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Podlipki-Dachnye railway station

Podlipki-Dachnye is a railway station of Yaroslavsky suburban direction of Moscow Railway. It is located in the city of Korolyov of Moscow Oblast, it takes 1 hour 20 minutes to get to the station from the Yaroslavsky railway station and 35 minutes from Fryazino station. The station was opened in 1914, it was named after the then-existing housing estate Villa-Podlipki. It was equipped with turnstiles in the beginning of the 2000s. There are 3 bus routes that have the station as a terminus: 12 — to station Bolshevo 16 — to Lesnaya school 15 — to the town of YubileynyAlso buses of routes 1 and 2, 28 and 392 make a stop there


Shodapur is a village in Panipat district of the Haryana state in India. The Second Battle of Panipat was fought on 5 November 1556 between the forces of Akbar and Hemu, a Hindu king of Delhi. In the battle, a wounded Hemu was captured by Shah Quli Khan and carried to the Mughal camp at Shodapur on Jind Road at Panipat where he was beheaded. After a few years, Hemu's supporters, constructed a Samadhi over the place; the place and its surroundings have been encroached upon by the local Muslim people who have converted it into a Muslim durgah. This is the only memorial of Hemu in Panipat but it is in a bad condition

Peach (color)

Peach is a color, named for the pale color of the interior flesh of the peach fruit. This name may be substituted for "peachy." Like the color apricot, the color peach is paler than most actual peach fruits and seems to have been formulated to create a pastel palette of colors for interior design. The color peach approximates the color of the interior flesh of that variety of peaches known as white peaches; the first recorded use of peach as a color name in English was in 1588. The etymology of the color peach: the word comes from the Middle English peche, derived from Middle French, in turn derived from Latin persica, i.e. the fruit from Persia. In actuality, the ultimate origin of the peach fruit was from China. Displayed at right is the web color peach puff. Displayed at right is the deep tone of peach called peach in Crayola crayons. Prior to 1962, it was known as flesh, but the name was changed to peach, ostensibly in recognition of the Civil Rights Movement. FungiThe peach-colored fly agaric is a peach-colored mushroom.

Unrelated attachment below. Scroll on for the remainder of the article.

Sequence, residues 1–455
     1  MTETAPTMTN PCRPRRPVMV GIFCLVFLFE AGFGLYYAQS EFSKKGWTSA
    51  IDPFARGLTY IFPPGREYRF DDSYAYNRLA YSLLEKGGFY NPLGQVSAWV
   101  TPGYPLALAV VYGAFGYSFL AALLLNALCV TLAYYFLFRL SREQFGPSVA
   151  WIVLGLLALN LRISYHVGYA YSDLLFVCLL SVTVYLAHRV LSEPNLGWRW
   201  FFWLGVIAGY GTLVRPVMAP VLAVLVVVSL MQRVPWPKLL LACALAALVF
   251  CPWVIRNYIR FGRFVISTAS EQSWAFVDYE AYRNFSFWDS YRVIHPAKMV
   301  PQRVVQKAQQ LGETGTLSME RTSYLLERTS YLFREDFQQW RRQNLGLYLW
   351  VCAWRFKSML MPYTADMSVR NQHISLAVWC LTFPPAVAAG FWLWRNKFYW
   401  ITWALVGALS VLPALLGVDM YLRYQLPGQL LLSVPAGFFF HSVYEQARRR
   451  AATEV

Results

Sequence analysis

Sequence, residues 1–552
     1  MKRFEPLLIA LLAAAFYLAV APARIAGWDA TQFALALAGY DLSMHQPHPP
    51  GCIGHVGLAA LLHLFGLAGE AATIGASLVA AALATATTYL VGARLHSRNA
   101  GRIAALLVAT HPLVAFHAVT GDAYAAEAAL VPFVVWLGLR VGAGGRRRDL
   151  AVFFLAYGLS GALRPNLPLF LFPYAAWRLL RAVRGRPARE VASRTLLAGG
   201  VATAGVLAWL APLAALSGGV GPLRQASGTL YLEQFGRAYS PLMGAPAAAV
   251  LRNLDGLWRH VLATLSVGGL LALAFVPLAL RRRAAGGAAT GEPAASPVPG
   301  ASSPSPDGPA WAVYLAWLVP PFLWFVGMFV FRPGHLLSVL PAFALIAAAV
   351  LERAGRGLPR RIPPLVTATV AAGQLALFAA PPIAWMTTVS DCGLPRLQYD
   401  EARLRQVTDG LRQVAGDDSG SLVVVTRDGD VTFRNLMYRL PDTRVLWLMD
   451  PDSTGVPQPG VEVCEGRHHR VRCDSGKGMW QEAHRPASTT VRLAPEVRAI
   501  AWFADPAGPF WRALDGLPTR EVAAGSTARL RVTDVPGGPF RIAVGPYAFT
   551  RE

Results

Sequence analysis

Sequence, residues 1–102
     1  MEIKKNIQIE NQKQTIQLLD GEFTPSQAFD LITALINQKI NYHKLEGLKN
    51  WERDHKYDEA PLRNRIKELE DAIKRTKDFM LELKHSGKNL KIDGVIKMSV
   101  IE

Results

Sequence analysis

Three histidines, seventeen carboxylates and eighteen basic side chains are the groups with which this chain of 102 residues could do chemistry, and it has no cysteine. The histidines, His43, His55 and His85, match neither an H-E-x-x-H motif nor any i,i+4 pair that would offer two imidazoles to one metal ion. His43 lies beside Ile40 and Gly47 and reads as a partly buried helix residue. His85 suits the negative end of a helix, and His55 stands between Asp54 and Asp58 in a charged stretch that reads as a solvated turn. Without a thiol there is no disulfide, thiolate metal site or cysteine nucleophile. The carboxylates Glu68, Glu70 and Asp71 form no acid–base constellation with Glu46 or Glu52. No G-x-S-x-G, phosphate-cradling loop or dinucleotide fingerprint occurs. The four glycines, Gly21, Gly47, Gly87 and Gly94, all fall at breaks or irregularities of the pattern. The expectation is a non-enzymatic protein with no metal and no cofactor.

Interior Design In Art Deco interior design of the 1920s and 1930s, peach-colored mirrors were seen installed in exclusive luxury homes, in nightclubs and hotels catering to the upper classes. Religion The color peach represents immortality in Chinese culture because The Peach Tree of Immortality, long thought to be on a mountainside somewhere in the Tian Shan in western China, which blooms only once every 3,000 years, is a key concept in the mythology of the Taoist religion. Sexuality In the bandana code of the gay leather subculture, wearing a peach bandana means that one is a "bear" or a "cub" looking for a bear. List of colors

Learned Hand

Billings Learned Hand was an American judge and judicial philosopher. He served on the United States District Court for the Southern District of New York and the United States Court of Appeals for the Second Circuit. Hand has been quoted more by legal scholars and by the Supreme Court of the United States than any other lower-court judge. Born and raised in Albany, New York, Hand majored in philosophy at Harvard College and graduated with honors from Harvard Law School. After a short career as a lawyer in Albany and New York City, he was appointed at the age of 37 as a Federal District Judge in Manhattan in 1909; the profession suited his detached and open-minded temperament, his decisions soon won him a reputation for craftsmanship and authority. Between 1909 and 1914, under the influence of Herbert Croly's social theories, Hand supported New Nationalism, he ran unsuccessfully as the Progressive Party's candidate for Chief Judge of the New York Court of Appeals in 1913, but withdrew from active politics shortly afterwards.

In 1924, President Calvin Coolidge promoted Hand to the Court of Appeals for the Second Circuit, which he went on to lead as the Senior Circuit Judge from 1939 until his semi-retirement in 1951. Scholars have recognized the Second Circuit under Hand as one of the finest appeals courts in the country's history. Friends and admirers lobbied for Hand's promotion to the Supreme Court, but circumstances and his political past conspired against his appointment. Hand possessed a gift for the English language, his writings are admired as legal literature, he rose to fame outside the legal profession in 1944 during World War II after giving a short address in Central Park that struck a popular chord in its appeal for tolerance. During a period when a hysterical fear of subversion divided the nation, Hand was viewed as a liberal defender of civil liberties. A collection of Hand's papers and addresses, published in 1952 as The Spirit of Liberty, sold well and won him new admirers. After he criticized the civil-rights activism of the 1950s Warren Court, Hand retained his popularity.